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COMPANY TOWN: SPOTLIGHT ON MCA : MCA, the Thriller : Tension High as Leaders Head Into Matsushita Meetings


When MCA's corporate jet lifts off today, the ambitions of MCA President Sidney J. Sheinberg will take flight as well. He and MCA Chairman Lew R. Wasserman are traveling to meet with senior executives from Matsushita Electric Industrial Co. to discuss the strained relations between the Japanese parent and its frustrated Hollywood subsidiary.

By all accounts, Sheinberg is not seeking a "High Noon" showdown, but this meeting and others to follow will help determine whether the 59-year-old executive stays with MCA after his contract expires next year. For Sheinberg and the 81-year-old Wasserman, the emotional stakes are high because they are the only executives--other than the late MCA founder Jules Stein--to have headed MCA in its 70-year history.

Osaka, Japan-based Matsushita called for the meeting in the wake of MCA's distress several weeks ago when it was blocked from pursuing a bid to acquire a stake in a broadcast network (reportedly NBC), several sources said Monday.

But the get-together became public knowledge only when two of MCA's most talented associates--filmmaker Steven Spielberg and music and film mogul David Geffen--announced last week that they intend to launch a new studio with former Walt Disney Studios Chairman Jeffrey Katzenberg. Reports swirled that the three businessmen might back a bid for MCA if Wasserman and Sheinberg proposed a buyback of all or part of the company they sold in 1990.

For the Record
Los Angeles Times Wednesday October 19, 1994 Home Edition Business Part D Page 2 Column 6 Financial Desk 1 inches; 24 words Type of Material: Correction
MCA photo--A photo of MCA executives Lew R. Wasserman and Sidney J. Sheinberg that appeared in Tuesday's editions should have been credited to Celebrity Photo Agency.

News reports of the ongoing talks and conjecture about a possible buyback deal are said to have angered executives at Matsushita, who are sensitive to public criticism. One source said Sheinberg was also angry about the leaks.

Because of the barrage of publicity, MCA officials were taking pains Monday to clamp some secrecy on today's meeting, now at an undisclosed spot after earlier reports had it taking place in Hawaii.

Sheinberg tried to downplay the drama of the upcoming session, saying: "I really have no vendetta against this company or many of its people, which is not to say relations are not strained between certain people. Hopefully these discussions will yield opportunities to enhance the value of their assets."

MCA insiders--including Sheinberg--refused Monday to discuss any hope Sheinberg and Wasserman might harbor of buying back a stake in MCA. Pundits, meanwhile, expressed the opinion that Geffen, Spielberg and Katzenberg will seek a controlling stake if they bid for an existing studio--and MCA turns out to be too expensive for even their bank accounts.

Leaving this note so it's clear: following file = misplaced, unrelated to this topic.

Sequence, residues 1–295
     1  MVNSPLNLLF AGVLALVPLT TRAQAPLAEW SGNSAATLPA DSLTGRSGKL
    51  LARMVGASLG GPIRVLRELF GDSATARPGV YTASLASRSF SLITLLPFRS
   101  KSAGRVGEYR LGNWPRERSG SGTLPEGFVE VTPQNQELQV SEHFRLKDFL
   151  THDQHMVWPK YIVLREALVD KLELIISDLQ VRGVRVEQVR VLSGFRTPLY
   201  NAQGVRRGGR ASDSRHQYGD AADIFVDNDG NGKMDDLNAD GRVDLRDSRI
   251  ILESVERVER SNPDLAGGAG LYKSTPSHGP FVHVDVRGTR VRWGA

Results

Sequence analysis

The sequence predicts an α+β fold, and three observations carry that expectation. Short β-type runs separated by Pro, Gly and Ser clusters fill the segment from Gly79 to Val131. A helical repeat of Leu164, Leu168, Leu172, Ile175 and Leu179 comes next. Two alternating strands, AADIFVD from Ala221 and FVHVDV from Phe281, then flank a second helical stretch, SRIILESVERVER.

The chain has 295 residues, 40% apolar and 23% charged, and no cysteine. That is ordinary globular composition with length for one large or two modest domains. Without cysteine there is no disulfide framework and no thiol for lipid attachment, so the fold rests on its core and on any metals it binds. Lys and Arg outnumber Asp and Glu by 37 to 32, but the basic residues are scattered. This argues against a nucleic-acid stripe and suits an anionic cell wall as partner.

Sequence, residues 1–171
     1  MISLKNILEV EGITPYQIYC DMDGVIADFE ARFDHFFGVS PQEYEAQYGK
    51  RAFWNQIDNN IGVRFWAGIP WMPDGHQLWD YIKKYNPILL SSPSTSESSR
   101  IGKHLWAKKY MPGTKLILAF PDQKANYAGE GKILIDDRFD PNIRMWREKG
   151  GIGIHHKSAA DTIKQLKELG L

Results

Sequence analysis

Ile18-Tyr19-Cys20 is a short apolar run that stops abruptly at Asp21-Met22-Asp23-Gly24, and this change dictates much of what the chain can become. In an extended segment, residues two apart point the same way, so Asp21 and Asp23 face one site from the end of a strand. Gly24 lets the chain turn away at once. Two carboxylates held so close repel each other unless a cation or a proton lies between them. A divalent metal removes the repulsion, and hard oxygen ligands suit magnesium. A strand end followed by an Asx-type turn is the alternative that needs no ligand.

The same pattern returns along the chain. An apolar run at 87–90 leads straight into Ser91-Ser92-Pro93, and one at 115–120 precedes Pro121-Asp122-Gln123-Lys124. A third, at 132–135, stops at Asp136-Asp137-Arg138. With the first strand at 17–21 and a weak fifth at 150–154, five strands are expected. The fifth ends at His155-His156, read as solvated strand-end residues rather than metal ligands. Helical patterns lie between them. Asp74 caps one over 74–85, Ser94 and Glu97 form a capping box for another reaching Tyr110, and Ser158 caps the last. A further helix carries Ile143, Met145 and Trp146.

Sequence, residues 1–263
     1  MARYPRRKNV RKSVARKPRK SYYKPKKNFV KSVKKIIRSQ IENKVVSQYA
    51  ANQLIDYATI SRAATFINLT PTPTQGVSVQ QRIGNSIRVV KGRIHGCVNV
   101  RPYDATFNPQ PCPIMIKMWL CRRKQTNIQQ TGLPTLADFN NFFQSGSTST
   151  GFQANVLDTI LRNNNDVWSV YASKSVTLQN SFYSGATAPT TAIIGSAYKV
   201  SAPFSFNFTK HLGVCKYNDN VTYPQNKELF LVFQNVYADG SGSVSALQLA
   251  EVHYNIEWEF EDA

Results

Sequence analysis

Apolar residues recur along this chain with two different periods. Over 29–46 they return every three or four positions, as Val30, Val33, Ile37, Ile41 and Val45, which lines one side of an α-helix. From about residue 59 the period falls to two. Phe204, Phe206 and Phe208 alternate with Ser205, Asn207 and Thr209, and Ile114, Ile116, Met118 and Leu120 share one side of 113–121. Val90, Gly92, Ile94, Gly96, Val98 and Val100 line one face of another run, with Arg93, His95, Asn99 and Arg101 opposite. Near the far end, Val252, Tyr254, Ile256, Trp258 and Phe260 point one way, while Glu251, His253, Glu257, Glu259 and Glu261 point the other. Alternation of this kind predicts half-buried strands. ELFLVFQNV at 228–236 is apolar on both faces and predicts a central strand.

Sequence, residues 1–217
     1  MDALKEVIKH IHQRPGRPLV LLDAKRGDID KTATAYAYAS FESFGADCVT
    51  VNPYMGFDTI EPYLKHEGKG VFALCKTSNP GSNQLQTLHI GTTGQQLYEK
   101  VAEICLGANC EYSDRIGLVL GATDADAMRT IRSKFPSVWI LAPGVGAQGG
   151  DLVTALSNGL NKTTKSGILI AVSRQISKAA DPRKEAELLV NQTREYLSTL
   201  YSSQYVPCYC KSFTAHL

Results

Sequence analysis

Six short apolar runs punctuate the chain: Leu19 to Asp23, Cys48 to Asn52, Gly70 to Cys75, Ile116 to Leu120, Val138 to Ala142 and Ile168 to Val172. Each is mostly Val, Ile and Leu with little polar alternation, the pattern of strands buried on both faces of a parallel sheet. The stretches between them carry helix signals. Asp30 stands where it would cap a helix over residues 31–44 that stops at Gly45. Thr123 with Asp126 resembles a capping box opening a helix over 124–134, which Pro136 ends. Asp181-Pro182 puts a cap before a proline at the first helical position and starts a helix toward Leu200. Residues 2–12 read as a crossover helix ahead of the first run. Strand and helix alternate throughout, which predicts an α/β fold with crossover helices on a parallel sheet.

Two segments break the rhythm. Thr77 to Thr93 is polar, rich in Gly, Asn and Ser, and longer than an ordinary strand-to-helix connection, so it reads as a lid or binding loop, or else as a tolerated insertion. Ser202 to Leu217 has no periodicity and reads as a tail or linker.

Alan Kassan, an entertainment analyst at Morgan Stanley, estimated MCA is worth between $8 billion and $8.5 billion; others think it could fetch even more, given that Paramount Communications sold for $10 billion.

But some analysts are doubtful that Matsushita will consider selling any portion of the entertainment company. "The Japanese don't sell things," said Lee S. Isgur, a San Francisco-based analyst with Jefferies & Co. "I think the Japanese got involved in this because they believe wealth and power are measured by content."

The gush of publicity, however, may hurt MCA's negotiations. "This is not the way to conduct business in New York or Japan," one top entertainment company executive said reprovingly.

Still, after months of suspense, some MCA insiders are thrilled that Sheinberg and Wasserman seem prepared to go to the mat for the company. "The way it's set up now is not working," said one executive who has despaired of Matsushita's conservative ways and preoccupation with other problems in its consumer electronics business.

Troubled Talks

MCA Chairman Lew R. Wasserman and President Sidney J. Sheinberg are in troubled contract negotiations with their parent company, Matsushita. Though MCA's Universal Studios ranks reasonably well in film market share, entertainment is a small part of Matsushita's revenue. The company's record division (UNI), however, is lagging. Steven Spielberg, a hit maker for Universal, is key to negotiations.

Film Market Share (Jan. 3-Oct. 16):

Buena Vista: 19.0%

Paramount: 15.0%

Warner Bros.: 14.8%

Universal: 13.8%

Fox: 10.8%

Others: 26.6%


Entertainment: 8.2%

Audiovisual equipment and appliances: 42.2%

Information, communications and industrial products: 49.6%

Music Market Share (Jan. 3-Oct. 9):

WEA: 22.05%

Sony: 15.45%

BMG: 13.05%

PolyGram: 12.01%

CEMA: 11.27%

UNI (MCA): 10.63%

Universal's top films

(Spielberg projects are in bold and with a double (**) asterisk.)

Box office (million) E.T., The Extra-Terrestrial $399.8 Jurassic Park** $356.7 Jaws $260.0 Back to the Future $210.6 The Sting $156.0 National Lampoon's Animal House $141.6 The Flintstones** $130.5 Smokey and the Bandit $125.0 On Golden Pond $119.3 Back to the Future II $118.5

Sources: TradeLine; Entertainment Data Inc.; company reports; industry sources

* Box office revenue still being tracked

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